Portfolio-Time!

As a 3D artist, the single-handedly important aspect of getting a job is your portfolio. This is simply a collection of all your best work in one place. Usually, your portfolio will be presented as a showreel. A showreel is a 1-3 minute long video showing all your best work. When you’re applying for a job, this is what you’re sending to them.

I also highly recommend having a personal website for the recruiter to peruse. This provides them with more information about you than what a showreel can say. A personal website is also really useful when it comes to sharing your lovely work with the rest of the world.

Here's an example of a showreel. This was the reel I put together back in 2014 when I was still in school and it was the one that got me into MPC as a modelling and texture artist.

Apply, apply and apply!

Once you have a sexy portfolio and website up, it’s time to send it out to everyone. At this point you cannot be picky; you’ll realistically not get into the more high-end studios right away such as Pixar, Disney, ILM or Weta. If you only apply those places, you’re not doing yourself any favors. Find as many local and international studios as you can and send your work around to them all. When you’re fresh out of school, you need to cast a big net.

I’m going to be completely honest here: Getting the first job is probably the hardest thing you’ll do in your entire career. You’re fighting against a lot of recent graduates, you have no actual experience and there really aren't’ that many jobs available. Fear not, though - if your work is solid and you’re persistent enough, you’ll get that job. Once you’re in the industry, getting another job feels like a day in the park compared to the first one.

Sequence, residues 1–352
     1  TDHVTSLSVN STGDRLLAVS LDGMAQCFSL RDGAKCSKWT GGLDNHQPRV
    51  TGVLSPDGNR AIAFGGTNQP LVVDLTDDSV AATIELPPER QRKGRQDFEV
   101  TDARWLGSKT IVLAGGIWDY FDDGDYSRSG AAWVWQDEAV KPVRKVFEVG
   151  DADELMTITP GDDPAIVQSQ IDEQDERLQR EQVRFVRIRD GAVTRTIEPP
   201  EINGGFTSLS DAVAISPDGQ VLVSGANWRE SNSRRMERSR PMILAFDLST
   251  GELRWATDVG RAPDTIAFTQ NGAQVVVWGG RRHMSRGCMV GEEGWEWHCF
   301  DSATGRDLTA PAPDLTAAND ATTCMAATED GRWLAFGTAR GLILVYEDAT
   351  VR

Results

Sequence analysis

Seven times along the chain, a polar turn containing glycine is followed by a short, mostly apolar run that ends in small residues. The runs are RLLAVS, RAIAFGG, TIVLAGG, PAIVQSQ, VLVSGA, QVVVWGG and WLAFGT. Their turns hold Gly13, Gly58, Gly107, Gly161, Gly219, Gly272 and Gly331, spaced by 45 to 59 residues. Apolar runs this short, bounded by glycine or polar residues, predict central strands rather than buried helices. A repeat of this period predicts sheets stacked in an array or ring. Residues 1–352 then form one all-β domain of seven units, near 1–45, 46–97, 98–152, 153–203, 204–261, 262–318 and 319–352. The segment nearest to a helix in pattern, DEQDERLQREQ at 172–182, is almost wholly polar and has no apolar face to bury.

Here are a couple of examples of job portals for various VFX studios.

Double Negative Jobs

MPC Jobs

Framestore Jobs

ILM Jobs

Congrats - You got the job in 3D!

After all these years, thousands of hours and more coffee than any human should legally be allowed to consume, you’ve finally landed your first job. Good work, cowboy. Remember that this isn’t the end - it’s another beginning. At this point, you need to keep the pressure up and learn as much as you possibly can about the industry, how to improve as an artist and network well with other professionals. You’re still very fresh and you still won’t have a showreel containing professional work for quite some time.

In the rest of the articles in this series, focusing on getting a job in 3D, we are going to go far more in depth into the various topics discussed above here. As they are released, we'll update this page with new and updated information. Stay tuned, grasshopper.

Author Henning Sanden

Henning is a London based 3D artist currently working at Double Negative as a character modeller and texture artist. He has worked on film such as Batman V Superman, Ghostbusters and Pirates of the Caribbean.

More posts by Henning Sanden